Photoshopping Bird Photos

I loved the Black-necked Stilt photos I got at the Merced National Wildlife Refuge, but my favorite sequence came when a Red-tailed Hawk buzzed us, all the time serenading us with its hoarse, raspy screech.  I’ve gotten a lot of shots of Red-Tailed Hawks sitting on branches or soaring far overhead, but I’ve never gotten shots quite like this before.  

When I get a shot like this, I want to ensure it’s presented as well as possible. In the good old days when I began taking photographs you simply sent color photos to the lab and lived with what came back.  Those days have been gone for quite a while now.  I think I could safely say that I haven’t posted a picture straight out of the camera for several years now. 

I have my Canon set to the “neutral” picture style when shooting jpg so that I have maximum control over the final picture.  There are seven different styles you can choose from: Auto, Standard, Portrait, Landscape, Neutral, Faithful, and Monochrome.  Or, I just shoot in Camera Raw format — which allows an even wider range of controls when editing. 

When I switched to the new (and lighter) EOS R5 with a 600mm lens, I found it desirable to use noise reduction plugins on all my shots. After denoising photos, I usually use Auto in Lightroom as a starting point for adjusting their exposure.  I’m sure Auto is a modern version of what determined the correct exposure on printed photos.  I seldom accept that as a final point before transferring the photo to Photoshop.  Not too long ago, you had to apply all adjustments to the whole picture, but with sophisticated AI masking, you can now select certain parts of the picture and adjust just that part of the picture.  

That’s particularly useful when working on a shot of a bird flying.  Getting the right exposure of the bird (the subject of the photo) often meant that the sky ended up looking nothing like it did when the picture was taken.  Too often it was blown out, and I was left with a white background or a pale blue sky that lacked punch. There have always been ways of correcting those effects in Photoshop, but they were all time-consuming, and time is hard to come by even when you’re retired.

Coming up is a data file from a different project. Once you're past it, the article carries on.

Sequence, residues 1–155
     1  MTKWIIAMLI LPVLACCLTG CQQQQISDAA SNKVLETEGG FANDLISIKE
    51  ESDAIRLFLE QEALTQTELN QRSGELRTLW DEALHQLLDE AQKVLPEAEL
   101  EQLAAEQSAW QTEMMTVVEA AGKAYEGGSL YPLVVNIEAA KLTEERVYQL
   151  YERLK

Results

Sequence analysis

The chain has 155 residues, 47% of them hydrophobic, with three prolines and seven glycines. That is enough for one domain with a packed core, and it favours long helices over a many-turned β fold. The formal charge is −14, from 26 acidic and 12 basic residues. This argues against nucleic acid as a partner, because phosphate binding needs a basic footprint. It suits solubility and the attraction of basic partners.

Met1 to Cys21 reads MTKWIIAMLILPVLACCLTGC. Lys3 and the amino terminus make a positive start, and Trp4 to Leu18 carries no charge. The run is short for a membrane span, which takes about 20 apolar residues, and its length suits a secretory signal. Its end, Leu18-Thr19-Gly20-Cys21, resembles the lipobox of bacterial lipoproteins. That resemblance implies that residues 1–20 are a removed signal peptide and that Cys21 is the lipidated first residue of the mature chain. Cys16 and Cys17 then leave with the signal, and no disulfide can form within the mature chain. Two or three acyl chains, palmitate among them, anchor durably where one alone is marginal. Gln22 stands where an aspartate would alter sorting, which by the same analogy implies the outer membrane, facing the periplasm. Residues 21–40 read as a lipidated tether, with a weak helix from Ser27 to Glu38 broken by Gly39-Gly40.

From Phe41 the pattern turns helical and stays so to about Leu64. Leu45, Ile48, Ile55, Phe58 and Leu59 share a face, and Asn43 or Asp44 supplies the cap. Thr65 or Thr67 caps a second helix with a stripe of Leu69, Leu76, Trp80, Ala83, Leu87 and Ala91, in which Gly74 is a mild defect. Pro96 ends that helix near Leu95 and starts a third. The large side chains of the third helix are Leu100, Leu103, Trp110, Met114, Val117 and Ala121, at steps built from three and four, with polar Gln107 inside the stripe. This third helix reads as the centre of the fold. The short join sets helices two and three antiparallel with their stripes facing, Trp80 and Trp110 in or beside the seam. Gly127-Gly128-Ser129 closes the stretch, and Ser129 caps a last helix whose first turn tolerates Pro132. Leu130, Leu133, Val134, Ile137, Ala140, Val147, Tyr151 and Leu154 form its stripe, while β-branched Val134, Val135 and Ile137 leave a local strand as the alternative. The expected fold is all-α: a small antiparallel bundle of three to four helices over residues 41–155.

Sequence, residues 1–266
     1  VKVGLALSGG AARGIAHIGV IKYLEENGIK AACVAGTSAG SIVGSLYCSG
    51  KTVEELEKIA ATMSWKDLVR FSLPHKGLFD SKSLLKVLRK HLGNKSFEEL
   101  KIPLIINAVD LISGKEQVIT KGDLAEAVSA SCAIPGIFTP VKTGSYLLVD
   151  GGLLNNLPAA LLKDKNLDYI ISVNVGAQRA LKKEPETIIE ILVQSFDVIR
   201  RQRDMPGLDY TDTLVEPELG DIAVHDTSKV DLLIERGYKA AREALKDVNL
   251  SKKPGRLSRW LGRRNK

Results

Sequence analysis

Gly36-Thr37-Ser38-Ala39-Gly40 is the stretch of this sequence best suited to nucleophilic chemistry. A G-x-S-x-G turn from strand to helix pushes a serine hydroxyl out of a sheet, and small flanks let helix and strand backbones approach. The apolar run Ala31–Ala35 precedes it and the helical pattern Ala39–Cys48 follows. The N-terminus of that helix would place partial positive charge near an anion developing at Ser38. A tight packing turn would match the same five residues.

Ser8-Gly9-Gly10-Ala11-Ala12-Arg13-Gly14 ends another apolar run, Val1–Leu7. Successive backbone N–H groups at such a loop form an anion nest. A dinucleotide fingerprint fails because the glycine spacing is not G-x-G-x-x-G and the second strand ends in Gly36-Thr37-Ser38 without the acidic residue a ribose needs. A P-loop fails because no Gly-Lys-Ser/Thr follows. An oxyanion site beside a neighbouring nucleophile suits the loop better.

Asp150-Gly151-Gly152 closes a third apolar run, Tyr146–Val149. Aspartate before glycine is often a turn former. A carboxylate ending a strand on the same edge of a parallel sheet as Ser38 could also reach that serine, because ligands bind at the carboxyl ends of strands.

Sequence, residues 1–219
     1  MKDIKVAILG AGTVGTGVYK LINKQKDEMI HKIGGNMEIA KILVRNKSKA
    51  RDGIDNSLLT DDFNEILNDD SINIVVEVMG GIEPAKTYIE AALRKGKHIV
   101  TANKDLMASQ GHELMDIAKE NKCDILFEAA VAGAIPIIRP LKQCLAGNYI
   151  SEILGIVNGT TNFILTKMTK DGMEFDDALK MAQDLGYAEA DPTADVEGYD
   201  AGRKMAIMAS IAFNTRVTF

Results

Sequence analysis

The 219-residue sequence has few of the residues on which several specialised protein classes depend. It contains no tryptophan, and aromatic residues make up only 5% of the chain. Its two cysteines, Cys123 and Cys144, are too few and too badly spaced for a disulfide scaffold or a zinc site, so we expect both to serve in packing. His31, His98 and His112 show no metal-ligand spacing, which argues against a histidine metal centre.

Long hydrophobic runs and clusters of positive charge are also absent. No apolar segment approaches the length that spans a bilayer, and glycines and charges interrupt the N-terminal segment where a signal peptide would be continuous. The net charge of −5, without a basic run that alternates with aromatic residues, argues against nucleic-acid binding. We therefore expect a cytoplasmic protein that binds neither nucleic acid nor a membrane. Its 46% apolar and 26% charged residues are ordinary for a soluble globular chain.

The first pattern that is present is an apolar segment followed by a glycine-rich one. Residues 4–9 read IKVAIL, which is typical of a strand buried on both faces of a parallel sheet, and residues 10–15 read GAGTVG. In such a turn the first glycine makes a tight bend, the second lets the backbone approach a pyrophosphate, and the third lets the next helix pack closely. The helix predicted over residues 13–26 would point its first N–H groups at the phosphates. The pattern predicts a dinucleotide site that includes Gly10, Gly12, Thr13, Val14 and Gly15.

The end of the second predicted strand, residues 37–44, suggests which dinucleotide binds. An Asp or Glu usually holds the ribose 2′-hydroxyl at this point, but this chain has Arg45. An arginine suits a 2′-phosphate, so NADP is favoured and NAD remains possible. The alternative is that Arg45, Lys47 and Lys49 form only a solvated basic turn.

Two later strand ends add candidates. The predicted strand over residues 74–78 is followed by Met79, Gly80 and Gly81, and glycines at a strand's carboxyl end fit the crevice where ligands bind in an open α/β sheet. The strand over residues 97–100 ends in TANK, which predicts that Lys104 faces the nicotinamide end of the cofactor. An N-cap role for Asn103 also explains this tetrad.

Artificial Intelligence has recently added infinitely more ways of quickly altering the sky. In Photoshop it’s simply called Sky Replacement; in On1 it’s called Sky Swap.  It only takes two or three clicks and that dull, flat sky is replaced with any kind of sky you wish.  In the past, I’ve pretty much limited myself to selecting a similar sky with a few clouds, lowering the opacity, and merging the two to recreate what I actually saw. The use of AI like this raises all kinds of questions.  

I have to admit to having a prejudice against oversaturating colors in scenic or birding pictures so people have unrealistic expectations.  Though I’ve been guilty many times of altering the background of my photos, I’ve always tried to recreate exactly what I saw of the bird when taking the photo.  Birds are beautiful enough in their own right that they don’t need to be hyped to make them more beautiful. 

The Red-tailed Hawks shown in the following six shots are all exposed the same. I used Denoise to reduce noise and slightly sharpen the images and Auto to correct exposure.  Only the sky has been altered — subtly or dramatically.  

This version is pretty much straight out of the camera:            

In this shot, I blended a darker blue area to focus attention on the hawk.

This shot uses a dramatic sky that compliments the hawk in ways that the others don’t. Surprisingly (to me, at least), it does a better job of creating the excitement I felt when I captured this shot.

Here’s a similar sequence for a picture taken seconds later.

I suspect most people wouldn’t even notice the dark blue area that draws attention to the main subject.

The final shot uses a different background than the third, but it, too, reflects the colors in the Red-tailed Hawk.

It goes against everything I’ve done in the past, but I think I prefer the third and sixth pictures because they come closer to the excitement I felt when I took the pictures than the other pictures do.  

How do you feel about this new-found ability to use AI to change the photos we take?